We need to out-mobilise the far-right conspiracists

November 20 rally. Photo: Martin Hirst

I’m a rank and file member of the Construction, Forestry, Mining and Energy Union (CFMEU). I want to acknowledge those CFMEU comrades who have made the effort to come and support today’s rally.

I joined the union six years ago: I was excited to be part of this union that has its roots in the mighty Builders’ Labourers Federation’s (BLF) Green Bans of the 1970s. I was probably a bit naive and thought I had joined the actual BLF! It’s fair to say that the CFMEU today is not the BLF of the 1970s. But that’s a product of lower union density and a weaker left, and stronger anti-union laws.

Nonetheless, the CFMEU is still a strong union that has been able to win decent pay and conditions improvements in our industry. Meanwhile, pay in other industries has stagnated around the grossly inadequate minimum wage. The CFMEU is also effective at fighting for safety on construction sites which requires ongoing vigilance.

There is a strong grassroots culture of unionism in the organisation.

Those same idiots who are once again rallying at the Victorian Parliament today organised a rally at our offices on September 20. They attacked it, smashing it up with bottles and rocks. They violently assaulted elected officials and staff.

This sort of attempt to try and disrupt, attack and intimidate one of the strongest unions is absolutely disgraceful. Unacceptable. It is straight out of the far right’s playbook.

I’ve had my disagreements with my union. But there are ways to raise concerns: talk to a delegate or organiser; come to a branch meeting.

What you don’t do is to have a tantrum, join up with a bunch of arseholes from outside of the union, and go and smash up the union office and attack staff and officials if you don’t get your way. That’s not how debate and democracy works. You don’t win a political disagreement with violence and intimidation.

There are valid concerns to be raised about the pandemic lockdowns: the lack of proper financial support; the heavy handedness accompanying the lockdowns; the raid on comrade Chris Breen’s home; and the growing militarisation of the police, with new weapons being used against protestors.

Even these do not justify death threats and intimidation.

The so-called freedom protestors have no alternative vision for how to keep people safe from COVID-19. Many don’t even think COVID-19 is real.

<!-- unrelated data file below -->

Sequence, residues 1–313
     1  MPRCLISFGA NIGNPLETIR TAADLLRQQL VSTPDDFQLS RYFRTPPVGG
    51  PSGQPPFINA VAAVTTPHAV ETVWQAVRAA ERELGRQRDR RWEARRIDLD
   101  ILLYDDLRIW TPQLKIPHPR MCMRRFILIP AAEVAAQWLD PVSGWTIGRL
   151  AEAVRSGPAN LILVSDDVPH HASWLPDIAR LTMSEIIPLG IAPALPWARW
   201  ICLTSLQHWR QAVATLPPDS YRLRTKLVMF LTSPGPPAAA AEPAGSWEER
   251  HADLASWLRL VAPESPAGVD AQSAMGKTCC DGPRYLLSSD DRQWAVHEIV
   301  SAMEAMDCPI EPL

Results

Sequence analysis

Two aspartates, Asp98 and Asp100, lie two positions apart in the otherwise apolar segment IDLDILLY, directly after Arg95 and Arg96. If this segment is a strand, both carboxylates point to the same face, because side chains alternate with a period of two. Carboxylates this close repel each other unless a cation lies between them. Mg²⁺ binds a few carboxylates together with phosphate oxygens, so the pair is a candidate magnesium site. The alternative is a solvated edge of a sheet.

They aren’t calling for more funding for hospitals and better pay for healthcare workers. They just want to abolish all virus control measures and let it run wild.

The far right has suddenly discovered “civil liberties”. It wasn’t them protesting against the new, bipartisan-supported “anti-terror” laws over the last two decades. It was not the far right protesting against the apartheid rate at which First Nations people are jailed in this country.

It is not the far right who have been fighting to free innocent refugees and asylum seekers from  indefinite detention in concentration camps. It was not the far right protesting the public housing tower lockdowns and providing mutual aid. It was us.

Zane Alcorn. Photo: Martin Hirst

Shame on those making death threats to politicians and their family members, be they Labor, Greens, Animal Justice Senator Andy Meddick or Reason Party Senator Fiona Patten. Shame on those bringing gallows to parliament and encouraging people to bring guns. Shame on those seeking to relativise the Holocaust by comparing safe, lifesaving vaccination programs to forced medical procedures administered by the Nazis. Shame on the Murdoch media for its role in whipping up hysteria against “dictator Dan”. And shame on those comparing proof of vaccination certificates to apartheid.

There is a vaccine apartheid, but that affects people in the global South not being able to access this lifesaving vaccine because rich countries and corporations won’t share the patents and won’t provide vaccines for free, as they should.

Shame upon those who spat on and assaulted nurses at vaccine and testing clinics.

Shame on those who, despite knowing all of this, march alongside known neo-Nazis who make the threats, bring the gallows and the crossbows, who have attacked unionists and socialists and health workers, and who still refuse to call out this despicable conduct and try and claim this is an ordinary, peaceful protest movement.

It is clearly not ordinary and it is clearly not peaceful.

I want to briefly mention an example of how we can respond to the far right and conspiracists, and it’s from Italy. The conspiracists and far right attacked the head office of the Italian equivalent of the Australian Council of Trade Unions, the General Confederation of Italian Labour on October 9.

What was the response?

A week later, on October 16, all affiliated unions in Rome organised a massive mobilisation: an estimated 100,000 people turned up. This is how we can confront the conspiracists and far right and demoralise them.

We know from recent rallies in the city — Black Lives Matter, women’s marches, Invasion Day rallies, union marches and climate strikes — that when our side wants to we can mobilise ten times what the conspiracists and far right have been able to.

Let’s do that. I urge all unions and all progressives, let’s have a big united rally to push back against these bastards.

I want to finish with a message for the conspiracists.

You need to back off. Go home. Your attempts to use intimidation, threats and violence to try and force your views on your political opponents are absolutely unacceptable and will not be tolerated.

[Zane Alcon gave this speech to the rally on November 20.]